New Jersey Standards
NJ.5.3.4. Life Science: Life science principles are powerful conceptual tools for making sense of the complexity, diversity, and interconnectedness of life on Earth. Order in natural systems arises in accordance with rules that govern the physical world, and the order of natural systems can be modeled and predicted through the use of mathematics.
5.3.4.B. Matter and Energy Transformations: Food is required for energy and building cellular materials. Organisms in an ecosystem have different ways of obtaining food, and some organisms obtain their food directly from other organisms.
Almost all energy (food) and matter can be traced to the Sun.
5.3.4.B.1. Identify sources of energy (food) in a variety of settings (farm, zoo, ocean, forest).
5.3.4.D. Heredity and Reproduction: Organisms reproduce, develop, and have predictable life cycles. Organisms contain genetic information that influences their traits, and they pass this on to their offspring during reproduction.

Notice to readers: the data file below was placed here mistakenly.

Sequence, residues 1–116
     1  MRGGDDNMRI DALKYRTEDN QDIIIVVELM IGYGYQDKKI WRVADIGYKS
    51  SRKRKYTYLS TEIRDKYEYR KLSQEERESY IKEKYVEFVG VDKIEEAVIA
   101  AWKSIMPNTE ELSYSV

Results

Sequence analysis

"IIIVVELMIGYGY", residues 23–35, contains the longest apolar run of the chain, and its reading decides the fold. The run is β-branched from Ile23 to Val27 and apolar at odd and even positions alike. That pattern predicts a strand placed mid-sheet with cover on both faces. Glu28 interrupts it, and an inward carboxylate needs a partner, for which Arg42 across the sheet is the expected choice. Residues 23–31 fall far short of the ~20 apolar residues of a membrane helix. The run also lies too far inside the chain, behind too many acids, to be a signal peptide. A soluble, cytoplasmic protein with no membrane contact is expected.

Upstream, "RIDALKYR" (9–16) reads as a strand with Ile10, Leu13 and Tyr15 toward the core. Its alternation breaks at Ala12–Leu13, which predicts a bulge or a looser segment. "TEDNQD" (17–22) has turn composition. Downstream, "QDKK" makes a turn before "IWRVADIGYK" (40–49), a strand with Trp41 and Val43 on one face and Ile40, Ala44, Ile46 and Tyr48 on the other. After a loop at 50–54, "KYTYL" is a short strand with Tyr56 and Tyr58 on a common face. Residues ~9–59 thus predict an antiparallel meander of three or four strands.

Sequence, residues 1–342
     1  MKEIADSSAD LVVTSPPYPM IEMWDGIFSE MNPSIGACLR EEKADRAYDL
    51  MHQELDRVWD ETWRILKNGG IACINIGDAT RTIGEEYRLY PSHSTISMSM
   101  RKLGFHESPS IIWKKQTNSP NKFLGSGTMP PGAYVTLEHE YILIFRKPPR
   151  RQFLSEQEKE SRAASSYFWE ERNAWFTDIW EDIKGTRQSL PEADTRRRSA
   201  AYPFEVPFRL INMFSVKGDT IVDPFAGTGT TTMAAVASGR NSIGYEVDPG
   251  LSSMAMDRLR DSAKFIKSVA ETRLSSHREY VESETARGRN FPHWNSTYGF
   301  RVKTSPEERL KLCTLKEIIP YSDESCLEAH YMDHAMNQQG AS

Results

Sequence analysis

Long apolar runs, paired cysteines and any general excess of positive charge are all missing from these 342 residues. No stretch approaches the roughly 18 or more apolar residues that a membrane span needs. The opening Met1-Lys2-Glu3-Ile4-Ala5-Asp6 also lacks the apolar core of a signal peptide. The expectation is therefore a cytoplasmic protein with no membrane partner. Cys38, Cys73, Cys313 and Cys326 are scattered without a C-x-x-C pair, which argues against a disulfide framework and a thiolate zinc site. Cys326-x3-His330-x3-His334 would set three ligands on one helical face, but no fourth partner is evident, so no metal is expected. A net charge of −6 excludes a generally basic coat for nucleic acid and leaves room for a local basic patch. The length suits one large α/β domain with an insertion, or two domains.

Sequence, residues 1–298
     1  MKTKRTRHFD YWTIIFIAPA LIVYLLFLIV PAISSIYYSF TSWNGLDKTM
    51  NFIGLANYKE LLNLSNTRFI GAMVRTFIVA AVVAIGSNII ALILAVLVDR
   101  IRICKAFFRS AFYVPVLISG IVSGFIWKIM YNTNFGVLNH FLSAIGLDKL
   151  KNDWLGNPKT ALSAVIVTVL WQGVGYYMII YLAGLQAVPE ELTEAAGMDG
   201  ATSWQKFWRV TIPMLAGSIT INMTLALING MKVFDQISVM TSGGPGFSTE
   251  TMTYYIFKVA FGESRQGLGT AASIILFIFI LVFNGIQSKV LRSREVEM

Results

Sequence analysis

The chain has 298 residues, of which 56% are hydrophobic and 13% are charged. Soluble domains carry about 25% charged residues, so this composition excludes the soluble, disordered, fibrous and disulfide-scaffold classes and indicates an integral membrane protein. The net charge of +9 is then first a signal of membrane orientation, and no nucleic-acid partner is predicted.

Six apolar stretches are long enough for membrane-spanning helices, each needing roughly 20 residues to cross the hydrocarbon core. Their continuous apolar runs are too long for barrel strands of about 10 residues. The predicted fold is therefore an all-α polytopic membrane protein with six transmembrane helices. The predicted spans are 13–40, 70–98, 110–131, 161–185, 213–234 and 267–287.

Plants and animals have life cycles (they begin life, develop into adults, reproduce, and eventually die). The characteristics of each stage of life vary by species.
5.3.4.D.1. Compare the physical characteristics of the different stages of the life cycle of an individual organism, and compare the characteristics of life stages among species.
5.3.4.E. Evolution and Diversity: Sometimes, differences between organisms of the same kind provide advantages for surviving and reproducing in different environments. These selective differences may lead to dramatic changes in characteristics of organisms in a population over extremely long periods of time.
In any ecosystem, some populations of organisms thrive and grow, some decline, and others do not survive at all.
5.3.4.E.2. Evaluate similar populations in an ecosystem with regard to their ability to thrive and grow.